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Football's Wade Davis Helps Young Heroes Soar

Football's Wade Davis Helps Young Heroes Soar


Wade Davis talks about being closeted in the NFL, masculinity and sport, and his second dream job: helping LGBT youth.

Wade Davis played for the Titans, the Washington Redskins, and the Seattle Seahawks as well as for teams in Barcelona and Berlin. Now, as an openly gay man, he's experienced a rebirth of sorts after joining the New York Gay Football League and working with LGBT youth at the Hetrick-Martin Institute to ensure they feel empowered and happy. Davis spoke with The Advocate about what kept him in the closet, and what he thinks it will take for a gay player to come out while still on a team.

The Advocate: How old were you when you started playing football?
Wade Davis: I started playing football when I was 7. It was one of those things when my mother never wanted me to play because I was very small and skinny. And my grandmother was like, "If you let my grandbaby out there, and let him play football, he's going to be killed." My father actually pushed my mother to let me play.

I grew up in Shreveport, La., which is very rural. My neighbor's backyard was combined, so there was no fence in between our yards, but there was a fence shaped around the perimeter, so we used to have 20 on 20 football games. Actually, we used to play this game called Smear the Queer - it was very funny that we called it that, because the "queer" for lack of a better word, was the guy who had the guts to pick up a football, and run with it, and get dog-piled on by 20 guys. In actuality he was the toughest guy. So we'd play football all day outside, from sunup to sundown. We wouldn't go home to eat. We drank water out of a hose in the backyard. We would literally try to kill each other. I'd come home and my shirt would be torn off, jeans scraped up, but you'd get up and do it the very next day. So that was my introduction to football.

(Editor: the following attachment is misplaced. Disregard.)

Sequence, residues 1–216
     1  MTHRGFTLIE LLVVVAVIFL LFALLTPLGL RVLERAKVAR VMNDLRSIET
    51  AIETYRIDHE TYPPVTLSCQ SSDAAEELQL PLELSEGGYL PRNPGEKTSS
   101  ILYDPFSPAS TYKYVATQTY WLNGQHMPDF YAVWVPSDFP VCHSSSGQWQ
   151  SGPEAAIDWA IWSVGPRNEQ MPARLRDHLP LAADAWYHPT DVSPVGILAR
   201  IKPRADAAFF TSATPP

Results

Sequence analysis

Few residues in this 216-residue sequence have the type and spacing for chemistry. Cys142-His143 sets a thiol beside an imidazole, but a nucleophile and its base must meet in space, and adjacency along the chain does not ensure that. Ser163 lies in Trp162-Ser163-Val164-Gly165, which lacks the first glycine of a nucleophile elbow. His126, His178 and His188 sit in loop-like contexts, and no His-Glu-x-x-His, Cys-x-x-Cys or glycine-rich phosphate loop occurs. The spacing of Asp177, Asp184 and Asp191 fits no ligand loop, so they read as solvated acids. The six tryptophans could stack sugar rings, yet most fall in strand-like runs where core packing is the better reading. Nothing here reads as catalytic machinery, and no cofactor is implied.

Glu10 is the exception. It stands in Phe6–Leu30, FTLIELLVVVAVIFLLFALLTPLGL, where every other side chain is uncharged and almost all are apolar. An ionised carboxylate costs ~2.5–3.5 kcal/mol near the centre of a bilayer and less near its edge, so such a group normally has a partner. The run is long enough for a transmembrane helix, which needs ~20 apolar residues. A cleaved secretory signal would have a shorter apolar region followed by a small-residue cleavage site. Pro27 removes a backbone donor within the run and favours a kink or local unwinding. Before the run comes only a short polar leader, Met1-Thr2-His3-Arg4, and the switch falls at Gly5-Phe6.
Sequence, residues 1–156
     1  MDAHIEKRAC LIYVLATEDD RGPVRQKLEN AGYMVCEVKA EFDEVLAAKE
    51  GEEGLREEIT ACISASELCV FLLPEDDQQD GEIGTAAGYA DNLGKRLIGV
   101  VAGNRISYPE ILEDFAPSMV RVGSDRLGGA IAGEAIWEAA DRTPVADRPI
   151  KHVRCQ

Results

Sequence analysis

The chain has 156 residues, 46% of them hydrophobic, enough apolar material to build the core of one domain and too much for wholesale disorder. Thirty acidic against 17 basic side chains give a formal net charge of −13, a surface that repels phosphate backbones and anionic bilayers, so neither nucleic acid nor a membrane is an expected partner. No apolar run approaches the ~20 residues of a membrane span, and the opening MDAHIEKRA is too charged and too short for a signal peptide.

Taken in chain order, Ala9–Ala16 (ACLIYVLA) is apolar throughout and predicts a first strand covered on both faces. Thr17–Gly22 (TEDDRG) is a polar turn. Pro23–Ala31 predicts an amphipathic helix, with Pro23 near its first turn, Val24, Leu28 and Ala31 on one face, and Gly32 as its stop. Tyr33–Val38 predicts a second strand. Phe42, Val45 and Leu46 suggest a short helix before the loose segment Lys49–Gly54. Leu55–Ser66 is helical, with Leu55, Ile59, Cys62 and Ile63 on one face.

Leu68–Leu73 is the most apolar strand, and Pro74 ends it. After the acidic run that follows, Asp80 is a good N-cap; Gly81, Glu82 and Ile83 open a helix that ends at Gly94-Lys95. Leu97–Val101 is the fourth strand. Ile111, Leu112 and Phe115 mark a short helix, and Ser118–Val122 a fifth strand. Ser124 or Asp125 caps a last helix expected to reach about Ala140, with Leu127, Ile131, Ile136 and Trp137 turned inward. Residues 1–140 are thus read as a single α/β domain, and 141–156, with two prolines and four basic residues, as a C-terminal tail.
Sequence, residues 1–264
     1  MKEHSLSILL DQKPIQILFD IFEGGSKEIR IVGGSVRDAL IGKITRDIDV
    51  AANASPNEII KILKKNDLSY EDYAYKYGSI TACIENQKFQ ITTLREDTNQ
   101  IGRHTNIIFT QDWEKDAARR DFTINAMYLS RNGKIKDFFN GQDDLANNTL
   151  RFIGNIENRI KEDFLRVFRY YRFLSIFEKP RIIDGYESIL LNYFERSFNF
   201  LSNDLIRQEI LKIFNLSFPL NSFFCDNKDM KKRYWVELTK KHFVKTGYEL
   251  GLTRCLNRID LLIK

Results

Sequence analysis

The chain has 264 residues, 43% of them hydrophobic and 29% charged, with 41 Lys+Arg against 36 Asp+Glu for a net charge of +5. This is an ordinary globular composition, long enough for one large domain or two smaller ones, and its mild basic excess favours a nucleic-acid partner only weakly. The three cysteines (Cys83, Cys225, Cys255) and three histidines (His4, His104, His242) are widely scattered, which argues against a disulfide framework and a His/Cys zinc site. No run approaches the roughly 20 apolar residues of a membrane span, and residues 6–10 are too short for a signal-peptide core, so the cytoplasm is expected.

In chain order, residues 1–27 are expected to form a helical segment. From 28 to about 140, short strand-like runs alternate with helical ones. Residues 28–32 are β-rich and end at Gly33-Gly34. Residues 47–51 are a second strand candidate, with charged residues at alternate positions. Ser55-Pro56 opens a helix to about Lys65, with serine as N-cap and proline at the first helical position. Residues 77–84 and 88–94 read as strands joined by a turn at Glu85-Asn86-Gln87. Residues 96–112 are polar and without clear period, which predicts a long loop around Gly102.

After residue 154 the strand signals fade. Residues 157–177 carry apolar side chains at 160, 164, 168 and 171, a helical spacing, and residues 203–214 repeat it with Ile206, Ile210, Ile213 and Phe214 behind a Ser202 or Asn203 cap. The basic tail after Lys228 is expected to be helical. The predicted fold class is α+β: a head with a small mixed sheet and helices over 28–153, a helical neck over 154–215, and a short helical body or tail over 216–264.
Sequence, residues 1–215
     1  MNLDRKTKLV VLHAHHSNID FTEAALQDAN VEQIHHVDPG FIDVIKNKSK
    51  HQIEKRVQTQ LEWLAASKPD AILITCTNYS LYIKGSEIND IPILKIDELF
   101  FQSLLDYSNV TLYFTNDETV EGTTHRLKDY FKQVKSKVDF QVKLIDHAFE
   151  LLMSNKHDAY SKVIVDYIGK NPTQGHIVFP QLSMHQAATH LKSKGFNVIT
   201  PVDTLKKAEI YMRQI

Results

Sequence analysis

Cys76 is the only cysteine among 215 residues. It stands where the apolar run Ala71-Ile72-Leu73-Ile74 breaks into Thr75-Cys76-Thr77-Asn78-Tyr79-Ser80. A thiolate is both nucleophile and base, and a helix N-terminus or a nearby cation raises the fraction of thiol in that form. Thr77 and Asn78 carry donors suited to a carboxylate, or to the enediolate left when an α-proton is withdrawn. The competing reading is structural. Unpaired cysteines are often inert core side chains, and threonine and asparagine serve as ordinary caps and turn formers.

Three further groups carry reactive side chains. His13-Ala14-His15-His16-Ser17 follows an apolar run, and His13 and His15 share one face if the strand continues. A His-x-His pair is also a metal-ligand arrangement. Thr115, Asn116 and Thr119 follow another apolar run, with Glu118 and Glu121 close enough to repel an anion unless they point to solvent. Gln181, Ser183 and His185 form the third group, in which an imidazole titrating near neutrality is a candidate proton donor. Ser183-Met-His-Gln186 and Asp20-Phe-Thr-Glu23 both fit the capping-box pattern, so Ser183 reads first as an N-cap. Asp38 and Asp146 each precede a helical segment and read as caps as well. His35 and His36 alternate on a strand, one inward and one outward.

When your father finally persuaded your mother to let you play, was she supportive eventually?
Eventually. It wasn't until I got to high school when she really was supportive. She was just so afraid of me getting hurt. When I entered high school, I was 110 pounds if I was lucky. But I was very, very fast, so she wanted me to run track, but I really loved the game of football. I used to watch football for hours on television. The game of football was so natural for me to understand it, so I understood the game very, very well. It was just one of those sports that I was meant to be a part of.

You've played for several teams, and in different leagues. Which team did you enjoy playing for the most?